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Subject: Throat Culture (Routine)
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This culture is primarily used to detect group A beta-hemolytic Streptococcus (GABHS, S. pyogenes) from throat swabs. This test is used, usually in children, who present with symptoms of streptococcal pharyngitis. Patients typically present with moderate to severe pharyngitis along with systemic symptoms, including fever, malaise, headache, and abdominal pain. Runny nose, cough, diarrhea, and other symptoms are more suggestive of another cause, usually viral.
A GABHS throat culture is recommended to confirm negative S. pyogenes antigen screening tests in children. Confirmatory cultures are not needed for adults with negative antigen test results if the sensitivity of the specific antigen test used is >80%.
The importance of diagnosis of GABHS pharyngitis is for the prevention of nonsuppurative sequelae. Antibiotic treatment given during the acute phase of GABHS infection is effective in prevention of RF, glomerulonephritis, and other complications. GABHS pharyngitis may also be complicated by peritonsillar abscess or other suppurative pararespiratory infections.
A GABHS throat culture is not recommended for test of cure after therapy for documented strep throat; cultures may demonstrate clinically insignificant low-level carriage after successful therapy.
Special collection and transport instructions:
Affected tonsillar and posterior pharyngeal mucosa is rubbed vigorously with a swab, carefully avoiding contamination by the tongue, buccal, or other mucosal surface.
The swab is transported to the laboratory in transport media according to routine recommendations for bacterial specimens.
Throat swabs are inoculated onto SBA; selective agar is inoculated by some laboratories to suppress the growth of normal endogenous flora and to facilitate isolation of GABHS. Cultures are incubated for 24–48 hours.
S. pyogenes isolates remain predictably susceptible to penicillin, the treatment of choice. Antimicrobial susceptibility testing is not performed unless requested because of penicillin allergy.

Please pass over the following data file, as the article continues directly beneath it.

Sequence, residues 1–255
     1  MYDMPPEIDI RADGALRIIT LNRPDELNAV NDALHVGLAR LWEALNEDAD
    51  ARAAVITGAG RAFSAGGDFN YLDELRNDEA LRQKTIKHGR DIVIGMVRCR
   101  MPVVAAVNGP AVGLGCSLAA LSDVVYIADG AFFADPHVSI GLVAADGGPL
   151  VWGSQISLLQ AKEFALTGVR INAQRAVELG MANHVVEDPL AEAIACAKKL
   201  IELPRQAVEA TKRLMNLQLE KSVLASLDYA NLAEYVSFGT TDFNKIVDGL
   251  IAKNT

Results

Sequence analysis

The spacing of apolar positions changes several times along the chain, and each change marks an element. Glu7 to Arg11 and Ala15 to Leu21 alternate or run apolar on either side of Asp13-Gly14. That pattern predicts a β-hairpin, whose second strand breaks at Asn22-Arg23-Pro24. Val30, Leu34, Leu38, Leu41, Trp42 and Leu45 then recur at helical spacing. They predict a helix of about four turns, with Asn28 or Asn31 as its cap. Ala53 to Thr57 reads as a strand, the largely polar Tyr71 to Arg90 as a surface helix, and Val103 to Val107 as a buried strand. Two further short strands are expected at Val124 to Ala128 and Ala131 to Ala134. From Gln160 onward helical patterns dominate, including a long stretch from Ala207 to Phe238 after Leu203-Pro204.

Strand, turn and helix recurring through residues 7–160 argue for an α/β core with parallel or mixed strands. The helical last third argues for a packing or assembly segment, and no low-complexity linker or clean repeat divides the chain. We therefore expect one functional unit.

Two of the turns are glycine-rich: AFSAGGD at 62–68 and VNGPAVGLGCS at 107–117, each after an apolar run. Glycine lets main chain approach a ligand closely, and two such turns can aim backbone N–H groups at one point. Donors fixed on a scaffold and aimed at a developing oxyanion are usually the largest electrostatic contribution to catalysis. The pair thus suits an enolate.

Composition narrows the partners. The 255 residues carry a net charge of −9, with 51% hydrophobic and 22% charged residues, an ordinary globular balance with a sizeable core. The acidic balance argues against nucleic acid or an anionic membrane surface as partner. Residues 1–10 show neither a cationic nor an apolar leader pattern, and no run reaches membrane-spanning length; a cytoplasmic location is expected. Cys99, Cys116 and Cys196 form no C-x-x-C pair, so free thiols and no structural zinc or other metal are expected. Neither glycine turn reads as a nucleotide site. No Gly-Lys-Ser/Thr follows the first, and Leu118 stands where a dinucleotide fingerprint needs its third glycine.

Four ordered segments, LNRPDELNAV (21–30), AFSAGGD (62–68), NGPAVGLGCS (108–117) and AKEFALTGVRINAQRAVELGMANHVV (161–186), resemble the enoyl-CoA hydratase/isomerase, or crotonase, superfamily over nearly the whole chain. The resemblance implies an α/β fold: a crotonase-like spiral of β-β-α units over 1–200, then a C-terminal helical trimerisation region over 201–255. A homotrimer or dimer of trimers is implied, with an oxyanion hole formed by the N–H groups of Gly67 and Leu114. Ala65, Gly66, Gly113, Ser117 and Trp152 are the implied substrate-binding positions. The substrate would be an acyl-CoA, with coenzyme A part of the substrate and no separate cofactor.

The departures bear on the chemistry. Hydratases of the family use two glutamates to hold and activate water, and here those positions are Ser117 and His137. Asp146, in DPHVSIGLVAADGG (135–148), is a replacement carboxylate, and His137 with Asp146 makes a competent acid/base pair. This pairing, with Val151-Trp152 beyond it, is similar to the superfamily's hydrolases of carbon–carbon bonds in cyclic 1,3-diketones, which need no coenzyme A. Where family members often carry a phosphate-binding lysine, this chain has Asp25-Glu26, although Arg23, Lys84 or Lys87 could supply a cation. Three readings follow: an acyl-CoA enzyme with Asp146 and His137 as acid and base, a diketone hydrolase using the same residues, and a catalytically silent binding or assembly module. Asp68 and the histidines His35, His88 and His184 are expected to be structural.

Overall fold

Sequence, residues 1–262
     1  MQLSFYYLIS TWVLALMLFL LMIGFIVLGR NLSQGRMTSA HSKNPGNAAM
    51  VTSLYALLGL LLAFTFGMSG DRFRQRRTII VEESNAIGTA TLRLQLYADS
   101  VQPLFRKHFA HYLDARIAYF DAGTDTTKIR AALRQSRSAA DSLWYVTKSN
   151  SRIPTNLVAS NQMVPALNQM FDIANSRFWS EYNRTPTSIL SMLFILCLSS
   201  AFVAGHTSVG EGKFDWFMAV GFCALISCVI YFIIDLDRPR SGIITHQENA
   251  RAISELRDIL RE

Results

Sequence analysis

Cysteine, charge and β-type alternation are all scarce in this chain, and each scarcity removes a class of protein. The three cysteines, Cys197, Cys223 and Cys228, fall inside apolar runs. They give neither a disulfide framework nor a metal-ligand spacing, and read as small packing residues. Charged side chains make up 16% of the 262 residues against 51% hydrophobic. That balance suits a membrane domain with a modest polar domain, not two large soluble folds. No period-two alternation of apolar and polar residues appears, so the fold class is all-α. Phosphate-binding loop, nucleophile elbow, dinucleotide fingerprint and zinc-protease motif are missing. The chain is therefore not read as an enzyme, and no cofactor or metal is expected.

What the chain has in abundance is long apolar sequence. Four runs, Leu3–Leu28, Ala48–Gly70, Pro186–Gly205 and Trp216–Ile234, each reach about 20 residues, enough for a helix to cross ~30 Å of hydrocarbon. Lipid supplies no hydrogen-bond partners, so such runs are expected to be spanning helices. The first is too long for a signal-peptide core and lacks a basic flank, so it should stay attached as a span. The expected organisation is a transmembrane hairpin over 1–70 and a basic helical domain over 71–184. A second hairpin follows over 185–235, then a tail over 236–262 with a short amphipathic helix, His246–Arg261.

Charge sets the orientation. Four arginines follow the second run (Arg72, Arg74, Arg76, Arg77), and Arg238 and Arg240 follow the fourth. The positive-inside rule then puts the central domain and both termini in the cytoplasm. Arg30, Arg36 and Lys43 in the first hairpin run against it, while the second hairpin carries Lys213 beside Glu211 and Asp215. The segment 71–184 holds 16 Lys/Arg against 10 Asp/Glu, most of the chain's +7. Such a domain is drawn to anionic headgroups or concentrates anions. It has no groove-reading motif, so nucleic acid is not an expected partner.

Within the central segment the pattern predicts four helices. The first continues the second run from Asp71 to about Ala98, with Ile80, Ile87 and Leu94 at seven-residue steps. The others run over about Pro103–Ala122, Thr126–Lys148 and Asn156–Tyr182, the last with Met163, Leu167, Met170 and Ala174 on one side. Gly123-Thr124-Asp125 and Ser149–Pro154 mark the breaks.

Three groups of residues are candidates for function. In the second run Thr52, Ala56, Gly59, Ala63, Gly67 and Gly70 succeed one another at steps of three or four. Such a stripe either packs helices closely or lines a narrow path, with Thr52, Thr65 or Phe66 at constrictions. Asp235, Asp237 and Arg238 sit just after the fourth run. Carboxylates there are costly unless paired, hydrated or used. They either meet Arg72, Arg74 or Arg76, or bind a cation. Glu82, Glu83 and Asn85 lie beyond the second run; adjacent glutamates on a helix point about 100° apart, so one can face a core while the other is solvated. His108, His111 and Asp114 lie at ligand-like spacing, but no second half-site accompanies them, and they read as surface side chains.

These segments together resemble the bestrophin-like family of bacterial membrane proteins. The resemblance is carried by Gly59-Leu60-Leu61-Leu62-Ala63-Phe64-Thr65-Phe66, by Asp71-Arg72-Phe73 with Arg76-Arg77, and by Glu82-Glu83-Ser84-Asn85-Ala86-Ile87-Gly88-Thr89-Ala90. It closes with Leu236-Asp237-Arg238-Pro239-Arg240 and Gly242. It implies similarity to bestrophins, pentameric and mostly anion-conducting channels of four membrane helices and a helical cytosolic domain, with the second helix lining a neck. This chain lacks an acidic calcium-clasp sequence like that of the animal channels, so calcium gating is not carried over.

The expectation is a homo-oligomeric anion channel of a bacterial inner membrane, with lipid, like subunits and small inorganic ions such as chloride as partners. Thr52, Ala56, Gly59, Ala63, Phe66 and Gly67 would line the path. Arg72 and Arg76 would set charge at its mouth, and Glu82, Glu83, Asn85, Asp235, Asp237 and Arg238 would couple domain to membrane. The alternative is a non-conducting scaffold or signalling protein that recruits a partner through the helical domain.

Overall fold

Turnaround time: Cultures are examined for 24–48 hours. An additional day may be required for isolation and identification of suspected isolates from heavily contaminated specimens.
Expected results: No growth of group A beta-hemolytic Streptococcus.
Positive result: Positive cultures, in the setting of a clinical diagnosis, are diagnostic of GABHS pharyngitis. In the absence of symptoms, positive cultures may indicate carriage and not infection.
Negative results: Throat cultures are sensitive to rule out streptococcal pharyngitis, but may be negative if there is poor specimen collection.
Cultures are typically negative in patients presenting with symptoms consistent with nonsuppurative complications of GABHS infection. Serologic tests, like ASO, may provide support for the diagnosis.
Common pitfall: A throat culture is not optimized for the detection of organisms other than S. pyogenes. (Group C and G beta-streptococci and/or A. hemolyticum are identified in throat cultures in some laboratories.)
Submission of a throat culture is not recommended for detection of carriage or infection by other organisms. To determine the cause of sinusitis or other pararespiratory infections, special procedures for collection and culture (e.g., respiratory tract bacterial culture) are required.
Other causes of pharyngitis include viruses (most common), mycoplasmas, group C and G beta-hemolytic streptococci, and Arcanobacterium hemolyticum. N. gonorrhoeae may be considered in patients at risk. C. diphtheriae is uncommon in the United States, but should be considered in patients at risk. Special testing is usually required to detect pathogens other than S. pyogenes from throat cultures.
GABHS may cause infection at other sites, especially cellulitis. Routine bacterial cultures appropriate for these sites should be requested.